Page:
Severing Joint Ownership on Divorce


There are two ways in which property can be jointly owned. Firstly, people may own property as beneficial joint tenants. This type of ownership means that should one of the parties die, the property will automatically become wholly owned by the remaining joint tenant(s). This form of ownership is commonly used by married couples. Secondly, people can own property as tenants in common. A tenancy of this kind means that each party owns a share in the property and, should a tenant die, the share in the property does not automatically pass over to the other tenant(s) but passes to the deceased person’s beneficiaries.
Sometimes, joint tenants may wish to sever their joint tenancy and become tenants in common instead. This is a common occurrence when a marriage or civil partnership breaks down, as it means that should one of the ex-partners die, their interest in the property will not become their ex-partner’s by default but will pass to the person(s) of their choice. A joint tenancy can be severed quickly and easily.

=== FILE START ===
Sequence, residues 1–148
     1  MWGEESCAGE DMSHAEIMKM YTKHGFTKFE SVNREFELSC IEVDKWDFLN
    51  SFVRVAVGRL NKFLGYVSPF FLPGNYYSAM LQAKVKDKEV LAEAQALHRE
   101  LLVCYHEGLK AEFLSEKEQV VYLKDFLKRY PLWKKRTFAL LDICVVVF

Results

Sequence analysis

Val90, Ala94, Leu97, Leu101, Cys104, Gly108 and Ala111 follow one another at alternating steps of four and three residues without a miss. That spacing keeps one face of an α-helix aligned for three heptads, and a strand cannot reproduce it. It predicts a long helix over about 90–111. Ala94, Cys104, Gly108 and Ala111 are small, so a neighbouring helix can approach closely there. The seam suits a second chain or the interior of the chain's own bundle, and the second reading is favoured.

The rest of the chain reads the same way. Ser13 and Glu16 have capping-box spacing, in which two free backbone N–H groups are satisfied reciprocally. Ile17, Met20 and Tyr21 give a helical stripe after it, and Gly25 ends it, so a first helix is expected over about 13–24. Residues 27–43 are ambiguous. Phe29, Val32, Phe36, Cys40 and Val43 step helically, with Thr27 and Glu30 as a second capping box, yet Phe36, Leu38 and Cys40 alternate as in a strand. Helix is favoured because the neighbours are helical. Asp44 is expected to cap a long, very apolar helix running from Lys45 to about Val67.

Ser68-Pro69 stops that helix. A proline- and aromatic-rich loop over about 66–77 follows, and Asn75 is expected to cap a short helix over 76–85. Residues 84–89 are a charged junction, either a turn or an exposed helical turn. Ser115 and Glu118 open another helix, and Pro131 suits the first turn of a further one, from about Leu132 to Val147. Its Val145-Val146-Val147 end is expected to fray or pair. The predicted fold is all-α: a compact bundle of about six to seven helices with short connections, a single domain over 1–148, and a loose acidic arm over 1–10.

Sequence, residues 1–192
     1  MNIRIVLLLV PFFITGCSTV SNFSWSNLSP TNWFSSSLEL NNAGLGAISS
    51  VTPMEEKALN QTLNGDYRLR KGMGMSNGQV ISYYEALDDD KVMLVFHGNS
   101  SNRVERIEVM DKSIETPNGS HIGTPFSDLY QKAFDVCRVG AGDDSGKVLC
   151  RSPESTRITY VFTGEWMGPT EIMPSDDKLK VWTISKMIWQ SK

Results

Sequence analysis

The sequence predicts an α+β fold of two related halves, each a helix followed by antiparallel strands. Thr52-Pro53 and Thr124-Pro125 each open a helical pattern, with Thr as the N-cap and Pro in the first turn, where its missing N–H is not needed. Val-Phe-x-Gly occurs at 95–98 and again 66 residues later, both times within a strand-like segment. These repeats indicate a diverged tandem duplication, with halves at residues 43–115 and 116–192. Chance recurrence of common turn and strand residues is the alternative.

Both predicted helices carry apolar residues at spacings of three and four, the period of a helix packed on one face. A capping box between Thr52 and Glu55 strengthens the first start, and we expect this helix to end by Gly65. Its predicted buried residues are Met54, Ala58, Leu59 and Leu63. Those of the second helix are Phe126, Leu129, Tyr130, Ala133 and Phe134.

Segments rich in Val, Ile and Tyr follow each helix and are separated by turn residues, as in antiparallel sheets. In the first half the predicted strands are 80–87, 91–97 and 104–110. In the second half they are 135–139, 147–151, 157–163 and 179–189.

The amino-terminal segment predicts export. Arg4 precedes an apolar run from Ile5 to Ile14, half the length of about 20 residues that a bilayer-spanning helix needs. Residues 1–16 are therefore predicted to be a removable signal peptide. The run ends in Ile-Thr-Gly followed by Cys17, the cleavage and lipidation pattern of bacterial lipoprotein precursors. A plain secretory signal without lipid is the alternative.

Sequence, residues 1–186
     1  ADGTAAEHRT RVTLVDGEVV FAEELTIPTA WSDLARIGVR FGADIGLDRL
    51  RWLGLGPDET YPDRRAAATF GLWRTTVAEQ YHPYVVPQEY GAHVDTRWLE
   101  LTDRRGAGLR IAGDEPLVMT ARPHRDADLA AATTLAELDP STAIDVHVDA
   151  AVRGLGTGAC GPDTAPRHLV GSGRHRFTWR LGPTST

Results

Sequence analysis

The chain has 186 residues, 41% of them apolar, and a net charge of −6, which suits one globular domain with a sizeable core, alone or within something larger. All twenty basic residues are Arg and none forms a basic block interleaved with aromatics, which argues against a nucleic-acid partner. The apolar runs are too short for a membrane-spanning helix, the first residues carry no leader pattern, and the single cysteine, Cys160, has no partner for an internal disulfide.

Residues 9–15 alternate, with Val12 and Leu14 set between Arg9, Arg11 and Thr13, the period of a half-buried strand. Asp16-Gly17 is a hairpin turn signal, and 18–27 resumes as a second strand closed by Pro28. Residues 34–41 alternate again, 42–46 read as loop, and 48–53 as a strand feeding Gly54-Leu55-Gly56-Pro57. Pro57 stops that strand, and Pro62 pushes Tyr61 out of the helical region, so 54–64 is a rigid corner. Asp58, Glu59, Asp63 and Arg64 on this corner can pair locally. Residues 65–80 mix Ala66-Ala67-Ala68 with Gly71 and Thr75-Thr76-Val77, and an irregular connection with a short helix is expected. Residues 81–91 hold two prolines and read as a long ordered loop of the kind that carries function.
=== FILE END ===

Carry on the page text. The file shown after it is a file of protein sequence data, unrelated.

There are several other circumstances in which severing a joint tenancy might also be appropriate, for example where one partner wishes to borrow money and transfers their interest in a property to their partner in order to reduce the latter’s financial risk.
It is important to remember that should you or your partner commence proceedings for divorce or dissolution of a civil partnership after the joint tenancy has been severed, the severance has no effect on the outcome of the proceedings.
For severance to occur, a formal notice of severance is required. Merely applying to the court for financial provision including a property adjustment order does not mean that a joint tenancy has automatically been severed. Where severance has occurred, the court still has the power to adjust property ownership rights depending upon what each spouse owns.
It is very important that no matter which legal form of ownership of property you use, you have a valid will which is kept up to date.
Also, the manner in which property is owned impacts upon its tax treatment. It is therefore advisable to obtain professional advice on your individual circumstances.

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